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A genetic test saved a baby from unnecessary chemotherapy

Photo of Sara and Michael Bell and baby Oliver

A newborn baby boy was saved from unnecessary chemotherapy when a special blood test revealed that a suspicious cancerous lump on his leg was actually benign.

The test, called whole genome sequencing (WGS), revealed the lump to be a rare mass called a myofibroma.

Recent advances in genetic testing technology mean that these types of tests have become faster, cheaper and more accurate, making them more widely available on the NHS.

photo of baby Oliver

The lump on Oliver’s leg grew to 2.4 inches before it started to shrink.

New parents Sara and Michael Bell, from St Neots in Cambridgeshire, had spent the first eight weeks of their son Oliver’s life preparing for his chemotherapy and surgery.

They were told that he might need a feeding tube and lose his hair.

“Thoughts of all this consumed us. It changed our lives,” Sara said.

‘surprising result’

Dr. Sam Behjati of the Wellcome Sanger Institute was Oliver’s doctor at Addenbrooke’s Hospital.

He said: “When we got the WGS result it was amazing. The scientist had looked at it over the weekend and emailed me right away.

“I had been waiting for cancer. I was so relieved.

“I would have hated giving Oliver treatment unnecessarily. It feels pretty hard to give kids chemotherapy when you know they definitely need it.”

What is your genome?

  • Your genome is the information needed to build the human body and keep it healthy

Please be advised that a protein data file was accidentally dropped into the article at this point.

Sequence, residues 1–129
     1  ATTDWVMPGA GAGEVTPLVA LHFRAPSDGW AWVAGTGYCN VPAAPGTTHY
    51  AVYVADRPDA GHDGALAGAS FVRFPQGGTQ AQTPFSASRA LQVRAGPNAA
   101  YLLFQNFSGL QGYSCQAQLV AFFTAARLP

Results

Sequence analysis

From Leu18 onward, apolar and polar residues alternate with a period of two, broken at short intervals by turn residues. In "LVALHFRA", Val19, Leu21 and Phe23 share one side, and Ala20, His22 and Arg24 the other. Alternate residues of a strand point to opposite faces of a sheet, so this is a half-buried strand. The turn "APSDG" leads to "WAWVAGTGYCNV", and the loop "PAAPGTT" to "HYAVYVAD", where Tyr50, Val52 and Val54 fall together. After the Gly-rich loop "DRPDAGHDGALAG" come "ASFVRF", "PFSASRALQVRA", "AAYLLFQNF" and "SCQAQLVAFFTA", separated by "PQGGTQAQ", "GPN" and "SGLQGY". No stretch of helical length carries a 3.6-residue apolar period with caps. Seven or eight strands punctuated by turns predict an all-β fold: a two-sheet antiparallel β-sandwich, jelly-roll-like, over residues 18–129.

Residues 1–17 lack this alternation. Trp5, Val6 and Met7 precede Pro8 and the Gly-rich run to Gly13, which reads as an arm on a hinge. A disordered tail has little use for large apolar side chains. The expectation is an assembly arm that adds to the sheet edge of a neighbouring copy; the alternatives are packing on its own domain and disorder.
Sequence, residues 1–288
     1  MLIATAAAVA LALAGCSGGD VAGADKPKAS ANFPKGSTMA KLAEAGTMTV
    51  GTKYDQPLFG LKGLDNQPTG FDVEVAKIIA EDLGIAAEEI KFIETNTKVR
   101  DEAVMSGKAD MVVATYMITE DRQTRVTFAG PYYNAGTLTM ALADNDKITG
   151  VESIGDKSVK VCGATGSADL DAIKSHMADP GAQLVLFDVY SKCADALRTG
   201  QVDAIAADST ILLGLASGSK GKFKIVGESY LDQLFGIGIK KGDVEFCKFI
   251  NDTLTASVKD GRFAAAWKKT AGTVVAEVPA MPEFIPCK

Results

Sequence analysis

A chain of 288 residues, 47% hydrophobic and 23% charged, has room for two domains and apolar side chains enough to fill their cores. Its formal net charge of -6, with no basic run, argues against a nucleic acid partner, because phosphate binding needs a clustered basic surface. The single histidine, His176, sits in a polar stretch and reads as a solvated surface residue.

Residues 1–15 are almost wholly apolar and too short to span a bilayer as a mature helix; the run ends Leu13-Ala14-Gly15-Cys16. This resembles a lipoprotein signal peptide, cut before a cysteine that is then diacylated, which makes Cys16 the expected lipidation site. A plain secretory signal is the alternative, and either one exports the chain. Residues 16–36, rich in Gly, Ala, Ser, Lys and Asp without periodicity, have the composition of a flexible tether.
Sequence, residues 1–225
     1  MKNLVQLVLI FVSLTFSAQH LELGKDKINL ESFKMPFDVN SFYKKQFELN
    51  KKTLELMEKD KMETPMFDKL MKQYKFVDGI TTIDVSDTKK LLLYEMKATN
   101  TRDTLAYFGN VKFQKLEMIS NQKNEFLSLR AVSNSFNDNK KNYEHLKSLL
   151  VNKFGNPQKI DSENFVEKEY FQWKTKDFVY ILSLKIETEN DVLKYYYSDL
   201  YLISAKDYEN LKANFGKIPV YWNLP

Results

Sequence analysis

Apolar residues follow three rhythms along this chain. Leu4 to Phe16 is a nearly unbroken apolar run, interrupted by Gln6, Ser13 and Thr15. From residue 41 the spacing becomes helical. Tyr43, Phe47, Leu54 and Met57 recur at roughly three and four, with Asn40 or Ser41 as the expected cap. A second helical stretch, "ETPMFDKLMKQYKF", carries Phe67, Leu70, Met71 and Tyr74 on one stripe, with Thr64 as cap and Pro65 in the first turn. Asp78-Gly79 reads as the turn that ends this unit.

• It is written in a chemical code called DNA.

  • The genome is made up of segments of DNA called genes and other genetic material.

  • Most cancers are caused by cells with unusual changes in their genome.

sources: NHS England

The test works by “reading” the entire genetic code of the tumor and comparing it to the complete genetic code of a blood sample from Oliver.

In Oliver’s case, the very complete readout was able to detect a very small and unusual error in the lump’s genetic code.

This not only confirmed that it was not cancer, but also suggested that the lump is likely to go away over time.

It’s already winding down, but Oliver will be closely monitored.

“We would not have been able to detect this with any other test, genetic or otherwise,” says Dr. Behjati.

He says that because WGS analyzes almost every part of the genetic code, unlike other routine genetic tests that focus on specific areas, he was able to expose the subtle and unusual change in the genome of the lump.

WGS has been routinely offered, through England’s NHS Genomic Medicine Service, to all children with suspected cancer in Cambridge since last year.

Dr. Behjati estimates that something unexpected turns up in about 5% of his young patients.

He says that WGS will be central to the work of the proposed new Cambridge Children’s Hospital.

The trial is in the process of being rolled out to the rest of England.

Professor Dame Sue Hill, Chief Scientist of the NHS for England, said: “The NHS is a world leader in offering whole genome sequencing as part of routine care.

“As part of this, all children with a suspected or confirmed diagnosis of cancer can be offered whole genome sequencing across the NHS in England.

“I’ve been able to see firsthand what this has meant for Oliver and his family, which is a powerful demonstration of the power of genomics to deliver real benefits for patients and their families.”

Oliver’s father, Michael, said: “We know we are very lucky to have that result.

“It was like a miracle, a miraculous test that told us that I didn’t have cancer and that we could go back to our normal lives.”

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